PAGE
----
This week, recording artist Taylor Swift provides such an example. Swift, a pop country music star, recently took to Tumblr (a blogging platform) to write a letter of activism (read Swift’s letter here). Swift explains that Apple’s new Apple Music streaming service precludes payment to artists in the first three months. Swift argues that this is wrong. In a persuasive, simple letter implicitly based on egoism, not altruism, because she predicates the letter on achieving her own values in an explicit expression of magnanimity, Swift makes the case for what amounts to intellectual property rights. Swift advocates what Ayn Rand called the trader principle, the essence of capitalism. As Swift concludes her letter to Apple: “Please don’t ask [artists] to provide you with our music for no compensation.”

Besides Swift’s fundamentally acknowledged fact that Apple’s terms are Apple’s to set, what distinguishes Swift’s activist letter from other forms of celebrity activism is her recognition of the good for being good. Swift does not malign Apple. In fact, she titles the post “To Apple, Love Taylor” and proceeds to express her “reverence” for Apple’s innovation and achievements. This demonstrates an understanding that acting in accordance with the company’s professed philosophy of human progress through new ideas is consistent with trading value for value. Harnessing the power of an artist that leftists and racists should regard as a beneficiary of “white privilege” or being among some inexplicably causeless “one percent” of wealthy millionaires, Swift, who has previously expressed support for Barack Obama, offers a perfectly rational example of selfish activism.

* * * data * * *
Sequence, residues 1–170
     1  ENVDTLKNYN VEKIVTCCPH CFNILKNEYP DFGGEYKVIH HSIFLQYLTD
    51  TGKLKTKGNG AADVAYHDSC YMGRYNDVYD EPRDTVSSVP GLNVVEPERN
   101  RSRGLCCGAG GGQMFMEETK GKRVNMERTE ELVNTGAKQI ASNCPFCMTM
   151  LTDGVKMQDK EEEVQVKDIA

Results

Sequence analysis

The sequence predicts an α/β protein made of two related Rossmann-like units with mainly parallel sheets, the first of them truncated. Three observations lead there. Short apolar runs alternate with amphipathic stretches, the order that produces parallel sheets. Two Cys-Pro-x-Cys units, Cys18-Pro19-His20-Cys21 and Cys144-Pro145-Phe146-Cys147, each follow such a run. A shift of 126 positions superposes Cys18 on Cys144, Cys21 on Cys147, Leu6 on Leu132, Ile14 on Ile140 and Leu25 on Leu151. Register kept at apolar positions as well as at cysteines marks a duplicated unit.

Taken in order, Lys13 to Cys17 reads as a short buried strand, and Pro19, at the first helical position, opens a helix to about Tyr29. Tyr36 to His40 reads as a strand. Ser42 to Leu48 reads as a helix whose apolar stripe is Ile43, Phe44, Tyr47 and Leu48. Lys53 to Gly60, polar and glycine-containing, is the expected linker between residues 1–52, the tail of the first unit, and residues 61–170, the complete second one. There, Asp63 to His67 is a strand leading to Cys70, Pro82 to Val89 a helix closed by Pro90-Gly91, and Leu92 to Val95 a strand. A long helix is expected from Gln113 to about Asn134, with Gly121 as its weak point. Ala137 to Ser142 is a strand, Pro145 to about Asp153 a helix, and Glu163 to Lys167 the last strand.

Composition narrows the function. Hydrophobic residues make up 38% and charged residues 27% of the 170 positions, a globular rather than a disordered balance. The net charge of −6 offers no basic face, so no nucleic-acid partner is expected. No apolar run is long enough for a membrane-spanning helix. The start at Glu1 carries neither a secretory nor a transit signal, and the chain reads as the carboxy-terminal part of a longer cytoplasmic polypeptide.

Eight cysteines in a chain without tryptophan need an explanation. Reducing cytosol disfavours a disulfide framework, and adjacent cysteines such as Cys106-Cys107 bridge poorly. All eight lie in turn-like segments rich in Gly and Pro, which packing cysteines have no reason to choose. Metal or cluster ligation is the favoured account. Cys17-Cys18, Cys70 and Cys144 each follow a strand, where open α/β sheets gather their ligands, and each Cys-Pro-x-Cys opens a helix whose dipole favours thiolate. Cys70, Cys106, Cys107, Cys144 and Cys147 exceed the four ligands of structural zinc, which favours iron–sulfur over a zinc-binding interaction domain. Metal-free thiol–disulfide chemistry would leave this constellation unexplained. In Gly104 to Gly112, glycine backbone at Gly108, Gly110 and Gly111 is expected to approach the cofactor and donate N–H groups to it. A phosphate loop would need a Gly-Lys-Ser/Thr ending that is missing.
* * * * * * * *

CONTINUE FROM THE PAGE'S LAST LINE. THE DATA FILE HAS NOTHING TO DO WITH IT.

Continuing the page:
The letter is selfish, as against self-centered (as she points out when she writes that the issue of paying artists “is not about me”, which in this context is true), because in writing it she seeks to gain, keep and advance her values; in this case, the ability of artists to earn money to create. In a wider sense, the successful artist posting such a letter deepens the bond with fans and adds credibility to his brand. Swift’s letter succeeds on a number of levels in dispelling the myth that capitalism and benevolence are incompatible. Swift gains value as described, the struggling, unknown writer gains, her competitors also gain, and so do her patrons, employees and partners. The customer gains with greater funding for all artists which leads to more creation, variety and competition. Apple, too, gains from the compliments, publicity and Swift’s endorsement for the new platform and a better grasp of what top artists want and how they may communicate.

Capitalism is, in fact, win-win.

Taylor Swift’s letter displays an understanding of this principle. She does not seek the unearned. She also does not merely “kill them with kindness”, as a cynic might claim. The letter, praising Apple for allegiance to progress and innovation, is not structured for unearned guilt, vanity or opportunism. Swift’s letter ends with a thought which begins with the word ‘please’ extended as a courtesy, not with an arbitrary demand that Apple has a moral duty to serve others and sacrifice its profit. Swift backs her words with action, withholding her property on principle. This is the essence of good, selfish, rational activism (read my thoughts on activism here) in a dispute among good, selfish, rational men.